Egyptian President Abdel Fattah al-Sisi has said talks about Ethiopia’s Nile Dam will “drag on” but expressed hope for a settlement negotiation for the dispute.
El-Sissi’s comments sparked tensions between Egypt, Sudan and Ethiopia over a huge Grand Ethiopian Renaissance Dam on the Blue Nile, in a speech on Tuesday.
For nearly a decade, talks about the operation and filling of the mega-dam have stumbled.
“We’re negotiating, and these talks will be a long battle,” El-Sissi said, before adding, “We will succeed, God willing.” “
Last week, Ethiopia announced that it had reached its first-year target to fill the reservoir, a move that raised concerns in downstream Egypt and Sudan, who fear for their vital water supplies.
Al-Sisi said the Egyptians’ fear over the dam is “legitimate and natural”, but warned the media against making it a “threat” to military action.
The long-running controversy has recently gone online, with people in Egypt and Ethiopia turning to online posts for their rights over the waters of the Nile.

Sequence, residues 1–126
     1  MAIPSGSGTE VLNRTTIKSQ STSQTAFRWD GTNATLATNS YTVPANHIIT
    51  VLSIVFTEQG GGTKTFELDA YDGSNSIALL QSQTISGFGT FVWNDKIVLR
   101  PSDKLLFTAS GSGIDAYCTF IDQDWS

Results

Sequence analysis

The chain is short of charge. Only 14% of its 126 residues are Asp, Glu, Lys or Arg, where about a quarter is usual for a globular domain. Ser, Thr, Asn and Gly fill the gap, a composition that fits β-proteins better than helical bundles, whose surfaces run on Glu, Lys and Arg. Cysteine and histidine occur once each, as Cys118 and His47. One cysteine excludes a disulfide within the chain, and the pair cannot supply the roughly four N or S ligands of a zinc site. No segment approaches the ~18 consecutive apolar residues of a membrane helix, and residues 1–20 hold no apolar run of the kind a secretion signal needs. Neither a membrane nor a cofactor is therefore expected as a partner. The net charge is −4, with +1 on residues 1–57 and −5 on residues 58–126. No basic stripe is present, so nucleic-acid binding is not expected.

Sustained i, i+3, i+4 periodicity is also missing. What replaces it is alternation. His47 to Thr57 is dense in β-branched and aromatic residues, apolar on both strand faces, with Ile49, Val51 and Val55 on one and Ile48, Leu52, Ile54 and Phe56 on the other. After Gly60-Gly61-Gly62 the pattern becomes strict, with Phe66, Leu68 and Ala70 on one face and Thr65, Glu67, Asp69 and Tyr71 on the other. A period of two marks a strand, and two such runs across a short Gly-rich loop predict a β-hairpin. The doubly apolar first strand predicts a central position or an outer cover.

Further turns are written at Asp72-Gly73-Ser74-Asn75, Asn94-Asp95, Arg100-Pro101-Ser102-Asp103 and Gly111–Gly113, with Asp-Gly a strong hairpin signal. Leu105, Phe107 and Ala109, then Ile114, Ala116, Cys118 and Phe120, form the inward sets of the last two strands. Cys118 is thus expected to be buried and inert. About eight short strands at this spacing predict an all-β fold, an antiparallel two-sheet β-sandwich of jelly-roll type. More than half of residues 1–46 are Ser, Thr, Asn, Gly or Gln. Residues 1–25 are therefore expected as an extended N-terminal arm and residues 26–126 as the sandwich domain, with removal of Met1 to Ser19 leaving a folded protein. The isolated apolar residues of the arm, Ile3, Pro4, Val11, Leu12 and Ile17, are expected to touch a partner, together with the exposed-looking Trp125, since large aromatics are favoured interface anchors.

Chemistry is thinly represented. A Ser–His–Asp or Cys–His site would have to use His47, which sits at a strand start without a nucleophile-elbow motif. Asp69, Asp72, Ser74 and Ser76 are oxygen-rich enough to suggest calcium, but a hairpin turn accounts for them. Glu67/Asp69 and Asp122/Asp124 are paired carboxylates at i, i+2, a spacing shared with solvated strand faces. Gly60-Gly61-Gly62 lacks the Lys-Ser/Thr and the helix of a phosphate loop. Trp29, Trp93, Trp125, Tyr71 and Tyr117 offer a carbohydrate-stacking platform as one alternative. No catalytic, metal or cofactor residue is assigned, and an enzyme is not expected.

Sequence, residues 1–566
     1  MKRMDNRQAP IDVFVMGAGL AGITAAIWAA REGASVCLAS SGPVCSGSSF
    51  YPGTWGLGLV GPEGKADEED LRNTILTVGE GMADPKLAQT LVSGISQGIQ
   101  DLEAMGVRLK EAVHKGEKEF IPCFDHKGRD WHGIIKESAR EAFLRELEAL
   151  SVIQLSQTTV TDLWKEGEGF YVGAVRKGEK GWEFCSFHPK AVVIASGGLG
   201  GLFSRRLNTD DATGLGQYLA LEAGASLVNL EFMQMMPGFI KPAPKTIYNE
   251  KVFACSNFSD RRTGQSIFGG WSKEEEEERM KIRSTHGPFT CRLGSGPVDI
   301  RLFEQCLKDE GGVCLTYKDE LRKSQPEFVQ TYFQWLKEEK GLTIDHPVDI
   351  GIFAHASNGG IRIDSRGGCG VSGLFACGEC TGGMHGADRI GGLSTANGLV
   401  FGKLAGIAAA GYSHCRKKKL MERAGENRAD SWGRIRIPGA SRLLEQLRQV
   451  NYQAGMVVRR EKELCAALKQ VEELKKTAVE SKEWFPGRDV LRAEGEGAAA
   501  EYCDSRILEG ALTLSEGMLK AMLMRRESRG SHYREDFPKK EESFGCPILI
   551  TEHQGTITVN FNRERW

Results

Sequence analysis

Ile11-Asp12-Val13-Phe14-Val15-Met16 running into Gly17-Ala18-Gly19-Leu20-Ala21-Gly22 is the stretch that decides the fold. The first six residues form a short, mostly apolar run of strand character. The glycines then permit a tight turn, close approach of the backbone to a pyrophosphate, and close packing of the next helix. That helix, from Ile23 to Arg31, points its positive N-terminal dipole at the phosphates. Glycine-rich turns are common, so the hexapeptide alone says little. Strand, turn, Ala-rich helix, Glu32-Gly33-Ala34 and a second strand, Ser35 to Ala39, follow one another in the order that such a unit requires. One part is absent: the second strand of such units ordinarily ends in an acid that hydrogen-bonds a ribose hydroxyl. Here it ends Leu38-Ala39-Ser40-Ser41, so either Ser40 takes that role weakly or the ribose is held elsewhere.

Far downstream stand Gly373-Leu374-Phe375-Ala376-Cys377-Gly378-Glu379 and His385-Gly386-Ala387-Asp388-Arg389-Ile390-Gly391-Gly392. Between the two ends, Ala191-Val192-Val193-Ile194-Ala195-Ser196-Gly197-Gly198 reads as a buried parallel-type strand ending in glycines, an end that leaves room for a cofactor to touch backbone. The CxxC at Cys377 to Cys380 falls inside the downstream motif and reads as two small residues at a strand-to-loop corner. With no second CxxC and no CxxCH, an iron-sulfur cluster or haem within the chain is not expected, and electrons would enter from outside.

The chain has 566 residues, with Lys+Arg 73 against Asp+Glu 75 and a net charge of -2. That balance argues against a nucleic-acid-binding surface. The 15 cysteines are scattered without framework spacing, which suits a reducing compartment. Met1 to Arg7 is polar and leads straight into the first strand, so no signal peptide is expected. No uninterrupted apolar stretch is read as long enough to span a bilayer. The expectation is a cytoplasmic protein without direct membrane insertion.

Cairo has feared that Ethiopia’s dam will be severely cut in its share of the Nile, causing over 100 million Egyptians to need 97 percent water.
Ethiopia, which began construction of the dam in 2011 and expects it to produce large amounts of electricity for its slightly larger population, said it is critical to its development.
It has not affected the water supply of downstream countries.
Sudan hoped the dam would help control floods, but in June, it warned that if Ethiopia unilaterally fills the dam, the lives of millions would be at “great risk”.
The world’s longest river, the Nile, is a lifeline that crosses both water and electricity.
Earlier this month, Ethiopian Prime Minister Abi Ahmed praised the initial “historic” filling of the dam.
The winner of the 2019 Nobel Peace Prize, Abi said, “The conclusion of the first round of filling is a historic moment that reflects the commitment of the people of Ethiopia to the renaissance of our country.”
“The fact that we reached this milestone by our own efforts when no one else believed in our abilities to carry out such initiatives makes the moment even more historic.
“We conduct the filling of the dam without harming anyone,” Abi said.